Humanitarian and Youth Programs


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Religious Youth Service

RYS Shares Vision for Peace Park in Honduras

Honduras-2015-11-11-RYS Shares Vision for Peace Park in Honduras

Tegucigalpa, Honduras—The last three years of work RYS has done in Honduras have all been designed around the idea of sharing culture and building friendship between youth in the USA and youth in Honduras through using communal art. Since 2013, RYS has completed three projects:

  • The first, a mosaic designed and created by members of the Generation Peace Academy together with Honduran students (who also helped restore sections of two schools and a monastery).
  • The second, a mosaic designed by American students and WFWP members with Honduran WFWP members, Ambassadors for Peace with their adult children and Honduran students (who also helped repair sections of as well as paint two schools).
  • The third project was carried out in the USA with three Honduran students visiting Nutley, New Jersey, where they worked together with high school students to design and create a sawdust street tapestry, thereby sharing their cultural tradition with the Nutley students.

Each of these activities has allowed UPF-Honduras director, Mr. Mario Salinas, and Religious Youth Service (RYS) advisor, Rev. Carol Pobanz, both of whom have worked together to organize these activities, to create friends and partners in the local governments and communities.  “I believe that we now have the necessary foundation to create a “park [with our Honduran friends and partners],” she said.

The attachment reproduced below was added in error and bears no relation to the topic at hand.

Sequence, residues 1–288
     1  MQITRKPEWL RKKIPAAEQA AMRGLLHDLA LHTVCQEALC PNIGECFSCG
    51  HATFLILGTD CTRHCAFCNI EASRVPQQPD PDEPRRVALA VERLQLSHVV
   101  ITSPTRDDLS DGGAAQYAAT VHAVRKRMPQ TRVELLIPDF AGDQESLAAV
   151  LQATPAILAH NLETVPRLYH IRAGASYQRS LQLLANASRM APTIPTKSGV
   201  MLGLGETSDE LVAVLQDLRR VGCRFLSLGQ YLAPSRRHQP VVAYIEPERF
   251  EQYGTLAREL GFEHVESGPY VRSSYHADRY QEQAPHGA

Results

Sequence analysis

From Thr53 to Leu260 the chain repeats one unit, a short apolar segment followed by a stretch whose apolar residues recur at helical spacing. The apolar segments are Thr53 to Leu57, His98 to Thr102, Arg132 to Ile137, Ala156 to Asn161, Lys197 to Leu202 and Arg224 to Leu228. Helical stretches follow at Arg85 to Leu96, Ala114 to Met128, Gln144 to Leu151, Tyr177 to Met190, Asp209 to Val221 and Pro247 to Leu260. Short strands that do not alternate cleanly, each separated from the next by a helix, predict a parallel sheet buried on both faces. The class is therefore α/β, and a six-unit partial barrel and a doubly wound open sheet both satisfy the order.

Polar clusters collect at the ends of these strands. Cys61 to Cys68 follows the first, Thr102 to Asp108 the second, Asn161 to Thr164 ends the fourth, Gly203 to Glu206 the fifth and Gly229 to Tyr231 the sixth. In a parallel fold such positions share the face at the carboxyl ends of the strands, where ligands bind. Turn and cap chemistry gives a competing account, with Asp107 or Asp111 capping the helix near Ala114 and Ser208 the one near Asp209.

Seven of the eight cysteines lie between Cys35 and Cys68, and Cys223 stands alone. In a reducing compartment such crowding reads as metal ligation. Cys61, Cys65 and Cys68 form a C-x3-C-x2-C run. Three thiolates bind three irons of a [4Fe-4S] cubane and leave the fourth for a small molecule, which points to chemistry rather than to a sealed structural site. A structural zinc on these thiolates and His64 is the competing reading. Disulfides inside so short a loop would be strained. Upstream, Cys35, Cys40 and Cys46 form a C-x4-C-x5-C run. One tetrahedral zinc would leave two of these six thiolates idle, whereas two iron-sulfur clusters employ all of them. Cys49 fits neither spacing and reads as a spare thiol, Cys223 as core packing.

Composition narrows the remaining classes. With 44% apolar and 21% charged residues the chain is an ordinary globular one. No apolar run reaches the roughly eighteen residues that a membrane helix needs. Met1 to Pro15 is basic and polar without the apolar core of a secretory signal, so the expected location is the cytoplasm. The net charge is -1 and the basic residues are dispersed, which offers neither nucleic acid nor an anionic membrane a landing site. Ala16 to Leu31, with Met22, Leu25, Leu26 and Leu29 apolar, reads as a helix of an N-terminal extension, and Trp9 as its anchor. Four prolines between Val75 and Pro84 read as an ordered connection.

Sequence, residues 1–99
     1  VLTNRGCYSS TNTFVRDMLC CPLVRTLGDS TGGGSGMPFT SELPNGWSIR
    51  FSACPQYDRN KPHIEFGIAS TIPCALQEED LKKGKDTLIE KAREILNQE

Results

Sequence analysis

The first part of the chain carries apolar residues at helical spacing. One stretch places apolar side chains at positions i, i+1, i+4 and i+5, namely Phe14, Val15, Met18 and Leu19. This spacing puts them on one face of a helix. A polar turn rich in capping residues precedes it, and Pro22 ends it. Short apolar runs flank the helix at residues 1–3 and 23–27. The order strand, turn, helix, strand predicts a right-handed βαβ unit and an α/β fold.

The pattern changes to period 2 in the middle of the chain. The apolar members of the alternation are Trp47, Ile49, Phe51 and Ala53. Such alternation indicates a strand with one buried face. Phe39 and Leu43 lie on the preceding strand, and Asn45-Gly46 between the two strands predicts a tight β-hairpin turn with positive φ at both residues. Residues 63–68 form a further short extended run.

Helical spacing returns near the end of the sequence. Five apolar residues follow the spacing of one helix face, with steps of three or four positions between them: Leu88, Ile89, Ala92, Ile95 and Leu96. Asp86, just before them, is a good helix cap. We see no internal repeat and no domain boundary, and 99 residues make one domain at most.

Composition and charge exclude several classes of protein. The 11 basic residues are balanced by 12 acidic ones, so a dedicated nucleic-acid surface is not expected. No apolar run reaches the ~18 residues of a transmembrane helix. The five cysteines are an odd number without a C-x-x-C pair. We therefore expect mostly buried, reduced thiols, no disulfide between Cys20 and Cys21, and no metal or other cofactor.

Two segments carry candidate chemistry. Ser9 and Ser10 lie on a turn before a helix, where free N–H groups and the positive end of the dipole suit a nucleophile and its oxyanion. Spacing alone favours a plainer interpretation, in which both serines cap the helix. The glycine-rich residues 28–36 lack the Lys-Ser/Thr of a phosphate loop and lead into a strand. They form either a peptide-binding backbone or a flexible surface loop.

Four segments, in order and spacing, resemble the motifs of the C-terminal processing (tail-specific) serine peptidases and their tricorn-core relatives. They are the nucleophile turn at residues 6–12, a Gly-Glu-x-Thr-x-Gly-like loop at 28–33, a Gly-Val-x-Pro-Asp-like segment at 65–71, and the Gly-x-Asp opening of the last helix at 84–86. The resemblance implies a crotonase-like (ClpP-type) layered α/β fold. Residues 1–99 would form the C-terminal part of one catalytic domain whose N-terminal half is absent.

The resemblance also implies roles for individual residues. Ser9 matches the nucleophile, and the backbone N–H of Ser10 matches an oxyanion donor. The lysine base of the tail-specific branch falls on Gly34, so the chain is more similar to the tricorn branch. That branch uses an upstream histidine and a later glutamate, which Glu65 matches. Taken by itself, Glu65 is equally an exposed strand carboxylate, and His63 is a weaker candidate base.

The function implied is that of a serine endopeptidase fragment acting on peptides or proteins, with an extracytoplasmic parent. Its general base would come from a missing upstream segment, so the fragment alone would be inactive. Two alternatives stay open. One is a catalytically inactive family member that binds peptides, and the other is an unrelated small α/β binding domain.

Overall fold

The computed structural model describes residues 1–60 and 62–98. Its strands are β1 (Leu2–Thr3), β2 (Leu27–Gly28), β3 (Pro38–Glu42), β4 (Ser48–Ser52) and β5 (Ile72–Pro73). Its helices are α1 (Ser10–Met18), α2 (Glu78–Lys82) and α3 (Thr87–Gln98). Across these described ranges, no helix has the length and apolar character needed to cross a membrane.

From November 4 to 11, 2015, Rev. Pobanz visited Honduras to look for a location where a park could be built, as well as to hand over the key to the city of Nutley, New Jersey that was granted to the mayor of Comayagua, Mr. Carolos Miranda, by the municipality of Nutley, and its mayor, Mr. Alphonse Petracco.

The Park Plan

The actual construction of this park, envisioned to include a wall mosaic, mosaic seating, landscaping, and a central sculpture, is planned to be completed in three phases:

  1. RYS invites aspiring architects and engineers, half from North America and half from Central America, to design the park together. This team will be composed of 4-6 individuals, who will engage in a discussion and plan their work, over one week.  Later, blueprints will be produced in the team members’ home countries.
  2. Then, a group of 18-20 individuals, half from North America and half from Central America, including builders, masons and landscape artists, will clear areas, build structures and prepare surfaces for mosaics.
  3. A group of 20-24 individuals, half from North America and half from Central America, including art students and other interested individuals, will create and assemble the mosaic, and invite community members to assist in the making of the mosaic portion of the park.

Sharing the Vision for the Park with Interested Partners